Back in Houston, dismay grew: the yellow prong also vanished when run through the copying machine. Somehow, Enron had spent millions of dollars on a new business logo without bothering to check if it worked in business. Soon the hallway signs went down, the new cards and letterheads were shredded. With no fanfare, another logo was introduced, replacing the yellow prong with a green one.
The symbol meant to carry Enron into the next millennium hadn't lasted a week.
Embarassing, but not to its designer. Not only would he know nothing of Enron's ultimate collapse, Rand didn't even live to see the unveiling, having died weeks before in November 1997. It has yet to be revealed who performed the last minute yellow-to-green substitution that briefly snatched the design from the jaws of defeat.
Nonetheless, faxability aside, the new symbol was rated a success. Identity consultant Tony Spaeth, for one, was enthusiastic about what he saw. "Enron would be Rand's last logo (it is likely that he knew this), and he said it was his best ever. That is a tall order," reported Spaeth his annual assessment of new logo programs for the February 1998 issue of the Conference Board's magazine, Across the Board. "But it is a fine mark: bold, one big idea, but richer in layered ideas and associations than might appear at first glance. Like great names, great marks often have more than one layer of possible meaning; this one is of course a big E, but one can also see in Rand's Enron ideas of household power as in a plug, industrial power as in stacks or towers, and connectivity (whether pipe or wire) between the E and N."
There has since been some debate as to whether Enron was actually Rand's last logo; certainly it was his last of real consequence. I personally never cared for the way the "pipeline" met the top of the first letter of Enron; it works fine for the N, but really needs a letter like U to work well at the top end. Unron, anyone? Also, I bet I would have preferred the doomed red-yellow-blue version.
But all of this is entirely missing Professor Eskilson's point. The issue he raises is not the Enron logo's aesthetics, or metaphoric incisiveness, or suitability to xerographic technology. Instead, it's the "soul searching" that consumed the design community after the scale of the Enron debacle became known. Was one of our greatest practitioners complicit in legitimizing the activities of a massive criminal enterprise? Is Paul Rand our very own Leni Riefenstahl?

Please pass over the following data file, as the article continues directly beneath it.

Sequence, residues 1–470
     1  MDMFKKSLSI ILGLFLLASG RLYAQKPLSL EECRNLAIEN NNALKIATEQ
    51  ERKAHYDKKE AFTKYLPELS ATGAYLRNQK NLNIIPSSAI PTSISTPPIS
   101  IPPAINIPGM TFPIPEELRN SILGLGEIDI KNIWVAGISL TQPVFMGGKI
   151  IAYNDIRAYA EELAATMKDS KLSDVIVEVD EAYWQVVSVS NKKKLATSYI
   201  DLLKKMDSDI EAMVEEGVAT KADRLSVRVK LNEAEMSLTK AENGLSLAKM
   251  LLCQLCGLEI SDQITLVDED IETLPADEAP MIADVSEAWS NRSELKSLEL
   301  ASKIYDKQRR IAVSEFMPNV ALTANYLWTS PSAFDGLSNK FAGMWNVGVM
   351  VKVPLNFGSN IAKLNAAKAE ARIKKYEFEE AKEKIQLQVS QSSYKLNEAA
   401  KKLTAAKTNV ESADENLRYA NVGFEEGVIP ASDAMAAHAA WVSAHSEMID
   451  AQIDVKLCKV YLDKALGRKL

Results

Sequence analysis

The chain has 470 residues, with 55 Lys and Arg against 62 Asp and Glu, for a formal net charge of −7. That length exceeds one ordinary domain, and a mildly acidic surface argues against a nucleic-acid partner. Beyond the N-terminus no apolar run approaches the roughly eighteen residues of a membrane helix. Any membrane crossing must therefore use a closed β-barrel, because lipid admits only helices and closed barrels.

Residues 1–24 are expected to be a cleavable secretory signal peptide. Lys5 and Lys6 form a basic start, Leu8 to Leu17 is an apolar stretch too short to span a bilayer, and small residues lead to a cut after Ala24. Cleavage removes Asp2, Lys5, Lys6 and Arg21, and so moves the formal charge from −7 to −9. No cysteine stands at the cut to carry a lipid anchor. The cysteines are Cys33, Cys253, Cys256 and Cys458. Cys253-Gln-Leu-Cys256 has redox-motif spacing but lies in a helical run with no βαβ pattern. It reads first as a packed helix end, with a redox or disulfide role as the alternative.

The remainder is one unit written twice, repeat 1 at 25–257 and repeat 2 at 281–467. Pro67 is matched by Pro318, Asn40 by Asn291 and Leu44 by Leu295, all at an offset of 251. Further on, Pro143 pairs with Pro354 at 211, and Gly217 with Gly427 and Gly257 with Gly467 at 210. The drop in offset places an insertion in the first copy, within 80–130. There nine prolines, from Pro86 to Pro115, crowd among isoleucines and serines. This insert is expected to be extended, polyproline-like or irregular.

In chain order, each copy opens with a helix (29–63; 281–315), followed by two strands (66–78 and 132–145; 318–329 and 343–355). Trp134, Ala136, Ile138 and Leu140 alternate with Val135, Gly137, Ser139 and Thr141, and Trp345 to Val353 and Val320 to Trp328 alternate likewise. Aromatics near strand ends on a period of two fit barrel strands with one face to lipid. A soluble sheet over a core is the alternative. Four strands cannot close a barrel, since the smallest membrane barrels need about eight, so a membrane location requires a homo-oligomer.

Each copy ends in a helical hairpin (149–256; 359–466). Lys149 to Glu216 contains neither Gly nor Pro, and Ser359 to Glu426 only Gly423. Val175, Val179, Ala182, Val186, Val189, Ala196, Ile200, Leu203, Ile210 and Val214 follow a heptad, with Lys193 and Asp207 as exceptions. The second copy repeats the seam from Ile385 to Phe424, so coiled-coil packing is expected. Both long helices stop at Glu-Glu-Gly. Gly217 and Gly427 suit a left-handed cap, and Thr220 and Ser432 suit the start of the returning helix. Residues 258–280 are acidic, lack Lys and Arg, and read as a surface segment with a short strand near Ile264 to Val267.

I actually don't remember any soul searching. I do remember a bit of hey-you'd-never-guess-who-designed-the-Enron-logo gossip, but the reaction to the news was either schadenfreude or a bit of perverse pride, depending on one's opinion of the late Mr. Rand. If anything, the fact that the same person had designed the Enron logo and the IBM logo seemed to say nothing more than good logos and good companies didn't necessarily go hand-in-hand. Rand himself implied as much in his 1991 essay "Logos, Flags, and Escutcheons," saying "A logo doesn't sell, it identifies...A logo derives its meaning from the quality of the thing it symbolizes, not the other way around. A logo is less important than the product it signifies; what it means is more important than what it looks like." And for those seeking Riefenstahl parallels, Rand adds, "Design is a two-faced monster. One of the most benign symbols, the swastika, lost its place in the pantheon of the civilized when it was linked to evil, but its intrinsic quality remains indisputable. This explains the tenacity of good design."
So is this another instance where Stephen Eskilson's book gets it wrong? I'm afraid so. In fact, I would make a completely different argument: even if Paul Rand's logo helped legitimize Enron in its heyday, it played an even more important role in the aftermath of its collapse.